Actor Ethan Hawke is pretty much the male ambassador for GenX ennui. (Winona Ryder is the female ambassador, naturally, in a close tie with Parker Posey.) He cemented his status as the GenX poster boy with his early roles in Dead Poet’s Society, Reality Bitesand the Before trilogy. As he’s aged, Hawke has not remained stagnant. After all, he’d be pretty ridiculous playing the kind of slacker he played in his 20s in his 50s. Hawke has aged nicely into the kind of actor who really sinks his teeth into every role.
Hawke has been nominated for four Academy Awards. He was nominated for Best Supporting Actor in 2002 and 2015 for Training Day and Boyhood respectively. He was also nominated for two Best Adapted Screenplay Awards in 2005 and 2014 for Before Sunset and Before Midnight. He’s directed three films as well as a documentary and three off-Broadway plays, but that’s still not all; Hawke has also written three novels and one graphic novel. He’s not a one-trick pony. Far from it.
Aside from the highly anticipated Moon Knightthe actor has a whole host of upcoming projects, from horror film The Black Phone to acting alongside Julia Roberts and, 20 years later, Denzel Washington in the thriller Leave the World Behind; he’s even voicing Batman in the animated Batwheels. Let’s take a look at eight of Ethan Hawke’s best movies.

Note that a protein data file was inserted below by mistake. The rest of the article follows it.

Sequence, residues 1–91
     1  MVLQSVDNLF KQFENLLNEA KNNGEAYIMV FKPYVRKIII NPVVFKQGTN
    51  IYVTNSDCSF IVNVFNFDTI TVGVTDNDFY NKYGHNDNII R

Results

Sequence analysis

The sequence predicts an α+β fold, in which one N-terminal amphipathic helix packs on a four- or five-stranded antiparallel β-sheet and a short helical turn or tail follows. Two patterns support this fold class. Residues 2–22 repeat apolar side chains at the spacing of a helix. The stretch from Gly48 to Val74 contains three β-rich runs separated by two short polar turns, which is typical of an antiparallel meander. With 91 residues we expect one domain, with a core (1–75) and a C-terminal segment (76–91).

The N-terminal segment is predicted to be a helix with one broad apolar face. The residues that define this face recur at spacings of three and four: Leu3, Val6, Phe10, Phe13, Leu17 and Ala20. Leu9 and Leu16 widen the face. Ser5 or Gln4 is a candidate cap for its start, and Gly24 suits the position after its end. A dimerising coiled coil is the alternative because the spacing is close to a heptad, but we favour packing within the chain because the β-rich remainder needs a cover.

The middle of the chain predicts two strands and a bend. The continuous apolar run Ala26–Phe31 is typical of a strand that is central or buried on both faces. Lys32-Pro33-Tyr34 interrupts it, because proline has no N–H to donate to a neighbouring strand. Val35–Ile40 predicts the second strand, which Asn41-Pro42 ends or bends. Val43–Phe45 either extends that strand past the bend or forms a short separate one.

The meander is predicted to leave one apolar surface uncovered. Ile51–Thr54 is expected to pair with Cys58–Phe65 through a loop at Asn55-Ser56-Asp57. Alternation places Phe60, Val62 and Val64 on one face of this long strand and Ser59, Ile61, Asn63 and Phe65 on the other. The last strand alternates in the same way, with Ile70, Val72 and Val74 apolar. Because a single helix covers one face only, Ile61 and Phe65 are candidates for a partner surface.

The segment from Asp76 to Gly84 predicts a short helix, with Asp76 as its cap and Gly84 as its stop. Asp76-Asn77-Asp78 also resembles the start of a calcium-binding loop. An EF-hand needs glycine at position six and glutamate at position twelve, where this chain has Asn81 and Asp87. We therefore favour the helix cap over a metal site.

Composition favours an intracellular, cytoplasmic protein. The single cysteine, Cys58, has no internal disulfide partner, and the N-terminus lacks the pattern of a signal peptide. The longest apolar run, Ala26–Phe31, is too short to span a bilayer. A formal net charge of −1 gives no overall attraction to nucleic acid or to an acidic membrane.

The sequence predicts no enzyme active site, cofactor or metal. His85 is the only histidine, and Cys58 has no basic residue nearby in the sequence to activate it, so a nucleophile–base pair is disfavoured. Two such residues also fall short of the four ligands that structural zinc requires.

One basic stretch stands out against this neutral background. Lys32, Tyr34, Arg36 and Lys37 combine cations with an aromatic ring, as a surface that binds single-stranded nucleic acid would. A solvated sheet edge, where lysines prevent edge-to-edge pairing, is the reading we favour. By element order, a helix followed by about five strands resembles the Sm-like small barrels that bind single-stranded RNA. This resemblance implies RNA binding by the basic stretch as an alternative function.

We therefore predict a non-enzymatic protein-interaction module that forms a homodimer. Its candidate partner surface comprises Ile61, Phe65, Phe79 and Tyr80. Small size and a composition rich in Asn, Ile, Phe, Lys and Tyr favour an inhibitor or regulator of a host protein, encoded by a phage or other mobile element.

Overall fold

7 First Reformed
In First Reformed, Ethan Hawke plays Reverend Ernst Toller. Hawke’s character is having a crisis of faith. He is a former military chaplain whose son was killed in the Iraq War. He turns to alcohol to cope, while his church struggles to survive at a crossroads with dwindling membership; it’s becoming more of a tourist stop for its role in the Underground Railroad. The reverend begins a strange, healing relationship with a newly-widowed woman (Amanda Seyfried) in a nod to classic art films Winter Light and Diary of a Country Priest. Hawke’s powerful performance in director Paul Schrader‘s moving exploration of faith was hailed by critics and nominated for Best Actor at the Independent Spirit Awards.
6 The Purge
The Purge is an utterly creepy film, and unfortunately completely imaginable consdiering the state of the world in the third year of a global pandemic. In the movie which launched a sweeping franchise, Ethan Hawke is forced to keep his family safe during the annual 12-hour period during which all criminal activity – including murder – is legal. Hawke’s status as the beloved GenX poster-boy helps audiences connect with the terror his character feels trying to protect his family; without the built-in associations with the actor, the film does not create enough character development to warrant an emotional connection, so Hawke’s presence definitely grounds the horror.
5 Dead Poet’s Society
In 1989, Ethan Hawke had his breakthrough role in Dead Poet’s Society. The film and his role in it was such a hit that he dropped out of college at Carnegie Mellon University in order to pursue an acting career. He was just 19 when the Robin Williams film was released; Hawke was one of the main characters who benefited from Williams’ character John Keating’s unorthodox teaching methods. He was initially intimidated by the star, but learned near the end of shooting that Williams was intimidated by him, predicting the great career Hawke had ahead of him.